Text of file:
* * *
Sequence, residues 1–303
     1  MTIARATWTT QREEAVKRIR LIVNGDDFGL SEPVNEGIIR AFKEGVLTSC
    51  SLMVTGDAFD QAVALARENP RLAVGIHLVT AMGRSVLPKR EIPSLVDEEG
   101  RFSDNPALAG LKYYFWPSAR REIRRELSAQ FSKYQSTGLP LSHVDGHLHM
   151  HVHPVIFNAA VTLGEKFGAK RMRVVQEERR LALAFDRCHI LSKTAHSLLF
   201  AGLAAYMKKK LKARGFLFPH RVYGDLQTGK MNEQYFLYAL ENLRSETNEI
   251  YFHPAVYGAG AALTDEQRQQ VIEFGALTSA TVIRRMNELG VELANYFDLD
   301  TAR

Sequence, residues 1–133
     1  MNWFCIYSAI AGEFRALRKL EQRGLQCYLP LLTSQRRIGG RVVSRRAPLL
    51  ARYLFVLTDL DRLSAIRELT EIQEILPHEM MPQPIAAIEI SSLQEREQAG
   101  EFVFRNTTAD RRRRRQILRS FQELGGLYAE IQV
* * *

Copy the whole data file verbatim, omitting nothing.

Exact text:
Sequence, residues 1–303
     1  MTIARATWTT QREEAVKRIR LIVNGDDFGL SEPVNEGIIR AFKEGVLTSC
    51  SLMVTGDAFD QAVALARENP RLAVGIHLVT AMGRSVLPKR EIPSLVDEEG
   101  RFSDNPALAG LKYYFWPSAR REIRRELSAQ FSKYQSTGLP LSHVDGHLHM
   151  HVHPVIFNAA VTLGEKFGAK RMRVVQEERR LALAFDRCHI LSKTAHSLLF
   201  AGLAAYMKKK LKARGFLFPH RVYGDLQTGK MNEQYFLYAL ENLRSETNEI
   251  YFHPAVYGAG AALTDEQRQQ VIEFGALTSA TVIRRMNELG VELANYFDLD
   301  TAR

Sequence, residues 1–133
     1  MNWFCIYSAI AGEFRALRKL EQRGLQCYLP LLTSQRRIGG RVVSRRAPLL
    51  ARYLFVLTDL DRLSAIRELT EIQEILPHEM MPQPIAAIEI SSLQEREQAG
   101  EFVFRNTTAD RRRRRQILRS FQELGGLYAE IQV